Journalists are a little obsessed with asking about extremes. The driest day in history, the most rainfall in Pennsylvania, the highest temperature in Laredo. National Weather Service meteorologist Steven Cobb and Texas Tech grad student (in the Atmospheric Sciences Department) Jennifer Daniel gave a hands-on breakfast briefing to a couple of dozen reporters Saturday morning.
Cobb showed reporters how to find context for reporting on extreme weather events: "how abnormal is it, where does it stand within the record of the community you're reporting for."
That meant a lot of playing around with the National Climate Data Center and the NWS Climate Prediction Center. If you're interested in these places on the web, Omaha World-Herald reporter Nancy Gaarder recommends googling 'em. (I like bookmarks.)
Gaarder said, Steve Cobb could give us information over the next week to ten days. For what we think summer's going to look like, news Climate Prediction Center, where we looked at what, say, drought might look like.
Trainers worked to explain about temperature: what does it mean when it's above or below normal? We looked at predictions of below normal moisture through election week in the southwest United States. (possible election story! how does precipitation affect voter turnout? just kidding.)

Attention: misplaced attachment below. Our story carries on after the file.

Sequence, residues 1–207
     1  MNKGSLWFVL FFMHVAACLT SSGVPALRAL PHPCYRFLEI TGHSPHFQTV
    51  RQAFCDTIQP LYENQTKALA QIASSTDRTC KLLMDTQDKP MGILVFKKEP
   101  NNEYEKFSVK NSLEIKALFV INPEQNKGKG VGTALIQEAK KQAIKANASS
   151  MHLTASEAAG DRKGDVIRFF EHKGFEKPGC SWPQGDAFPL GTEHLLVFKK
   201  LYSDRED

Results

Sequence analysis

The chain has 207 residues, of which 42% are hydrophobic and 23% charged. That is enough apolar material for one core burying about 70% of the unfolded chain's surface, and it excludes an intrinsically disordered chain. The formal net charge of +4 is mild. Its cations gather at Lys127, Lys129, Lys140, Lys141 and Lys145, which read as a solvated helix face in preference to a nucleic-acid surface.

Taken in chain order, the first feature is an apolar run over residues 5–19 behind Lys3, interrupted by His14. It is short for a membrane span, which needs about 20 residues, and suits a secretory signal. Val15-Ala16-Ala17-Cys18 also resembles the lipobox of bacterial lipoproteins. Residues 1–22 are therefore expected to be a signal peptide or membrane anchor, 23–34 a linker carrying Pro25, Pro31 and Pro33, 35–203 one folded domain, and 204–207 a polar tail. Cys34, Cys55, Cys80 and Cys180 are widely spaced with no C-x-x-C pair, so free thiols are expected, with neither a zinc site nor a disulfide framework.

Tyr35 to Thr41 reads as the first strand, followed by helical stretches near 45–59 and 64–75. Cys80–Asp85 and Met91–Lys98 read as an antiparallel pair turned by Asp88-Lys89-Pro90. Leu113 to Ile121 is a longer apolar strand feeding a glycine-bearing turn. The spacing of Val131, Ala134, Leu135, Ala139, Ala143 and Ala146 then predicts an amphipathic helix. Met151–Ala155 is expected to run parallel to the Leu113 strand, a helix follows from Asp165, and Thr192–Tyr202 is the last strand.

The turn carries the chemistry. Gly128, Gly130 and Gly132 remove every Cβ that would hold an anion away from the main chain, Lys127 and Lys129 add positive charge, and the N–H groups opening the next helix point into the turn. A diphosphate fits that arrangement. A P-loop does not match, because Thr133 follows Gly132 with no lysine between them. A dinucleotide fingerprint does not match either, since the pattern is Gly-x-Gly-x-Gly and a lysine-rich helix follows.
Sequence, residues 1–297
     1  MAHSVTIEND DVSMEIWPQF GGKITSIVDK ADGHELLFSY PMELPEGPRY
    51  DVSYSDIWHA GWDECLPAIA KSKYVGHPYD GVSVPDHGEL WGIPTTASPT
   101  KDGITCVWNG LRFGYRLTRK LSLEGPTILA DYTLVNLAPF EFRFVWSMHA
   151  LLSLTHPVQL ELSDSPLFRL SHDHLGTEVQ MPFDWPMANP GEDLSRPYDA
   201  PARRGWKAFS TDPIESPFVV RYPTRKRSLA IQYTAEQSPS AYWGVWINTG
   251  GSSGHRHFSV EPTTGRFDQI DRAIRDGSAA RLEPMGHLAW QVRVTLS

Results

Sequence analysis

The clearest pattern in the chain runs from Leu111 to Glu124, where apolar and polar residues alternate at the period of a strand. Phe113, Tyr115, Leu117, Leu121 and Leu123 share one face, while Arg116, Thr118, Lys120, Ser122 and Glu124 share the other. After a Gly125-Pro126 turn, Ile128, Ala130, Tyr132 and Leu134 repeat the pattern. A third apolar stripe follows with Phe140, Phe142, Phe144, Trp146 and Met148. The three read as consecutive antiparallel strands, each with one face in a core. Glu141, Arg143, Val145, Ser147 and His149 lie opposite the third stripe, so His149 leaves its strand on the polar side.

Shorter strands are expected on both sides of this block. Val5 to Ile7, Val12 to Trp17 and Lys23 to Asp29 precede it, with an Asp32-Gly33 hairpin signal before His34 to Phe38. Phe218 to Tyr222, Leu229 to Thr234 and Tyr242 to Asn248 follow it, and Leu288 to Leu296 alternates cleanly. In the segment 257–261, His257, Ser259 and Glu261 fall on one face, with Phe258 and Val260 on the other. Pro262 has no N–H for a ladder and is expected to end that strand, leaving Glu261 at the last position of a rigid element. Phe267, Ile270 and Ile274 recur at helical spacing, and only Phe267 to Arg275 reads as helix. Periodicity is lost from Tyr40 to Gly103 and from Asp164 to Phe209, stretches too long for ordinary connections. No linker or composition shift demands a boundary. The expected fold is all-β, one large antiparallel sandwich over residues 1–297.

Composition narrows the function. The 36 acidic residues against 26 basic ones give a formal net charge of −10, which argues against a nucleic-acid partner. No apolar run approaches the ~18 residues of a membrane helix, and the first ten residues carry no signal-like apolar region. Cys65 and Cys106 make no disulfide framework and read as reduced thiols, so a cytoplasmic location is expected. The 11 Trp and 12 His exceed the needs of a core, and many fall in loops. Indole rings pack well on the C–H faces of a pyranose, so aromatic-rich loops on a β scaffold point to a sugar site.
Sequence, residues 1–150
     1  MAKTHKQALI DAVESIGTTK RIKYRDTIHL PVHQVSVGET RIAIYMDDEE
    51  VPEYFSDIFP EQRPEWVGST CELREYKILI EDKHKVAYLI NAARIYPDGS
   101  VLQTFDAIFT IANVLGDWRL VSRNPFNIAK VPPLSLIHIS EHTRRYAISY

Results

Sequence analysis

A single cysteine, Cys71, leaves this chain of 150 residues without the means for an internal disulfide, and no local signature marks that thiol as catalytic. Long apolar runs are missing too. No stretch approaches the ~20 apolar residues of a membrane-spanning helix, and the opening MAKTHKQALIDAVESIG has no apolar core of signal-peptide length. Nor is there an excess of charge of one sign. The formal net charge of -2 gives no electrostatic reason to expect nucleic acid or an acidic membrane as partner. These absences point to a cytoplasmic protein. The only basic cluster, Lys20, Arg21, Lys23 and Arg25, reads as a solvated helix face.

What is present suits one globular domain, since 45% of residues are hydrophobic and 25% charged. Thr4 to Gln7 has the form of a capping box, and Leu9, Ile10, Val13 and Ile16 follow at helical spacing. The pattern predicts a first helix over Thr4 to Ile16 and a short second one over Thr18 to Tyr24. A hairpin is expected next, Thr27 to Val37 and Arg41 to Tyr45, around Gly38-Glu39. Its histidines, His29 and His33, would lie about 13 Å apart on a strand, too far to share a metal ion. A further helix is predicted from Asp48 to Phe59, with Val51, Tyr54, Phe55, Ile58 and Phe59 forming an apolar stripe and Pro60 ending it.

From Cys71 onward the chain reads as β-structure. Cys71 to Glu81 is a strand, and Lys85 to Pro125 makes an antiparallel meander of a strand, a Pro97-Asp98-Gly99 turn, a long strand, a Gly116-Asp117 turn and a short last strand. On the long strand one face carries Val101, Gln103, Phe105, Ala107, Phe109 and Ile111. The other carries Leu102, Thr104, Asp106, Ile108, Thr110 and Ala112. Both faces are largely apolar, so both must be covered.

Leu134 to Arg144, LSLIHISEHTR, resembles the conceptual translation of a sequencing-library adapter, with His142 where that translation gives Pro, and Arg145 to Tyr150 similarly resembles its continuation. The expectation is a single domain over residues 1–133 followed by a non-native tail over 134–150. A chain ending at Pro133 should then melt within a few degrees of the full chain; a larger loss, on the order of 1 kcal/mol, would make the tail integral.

Also, breaking news: climatologists are everywhere. "These people are very helpful," Gaarder testified. Ask 'em for help! NWS has 122 regional offices, people.
We talked about the Palmer Drought Index, a long term index developed by Wayne Palmer that uses algorithms to approximate soil moisture through recorded temperature and precipitation. Palmer Drought gave us a way to look at long term trends. But newer models index hydrological drought differently.
We talked about El Nino, the Southern Oscillation. NOAA offers a weekly el nino status and update worth looking at. If this next 3-month period doesn't move the needle a little, we'll continue to be in a neutral event.
And of course, we learned to use the acronym THINK:
is it TRUE
is it HELPFUL
is it IMPROBABLE
is it NECESSARY
is the source KNOWLEDGEABLE
Not bad for first thing in the day.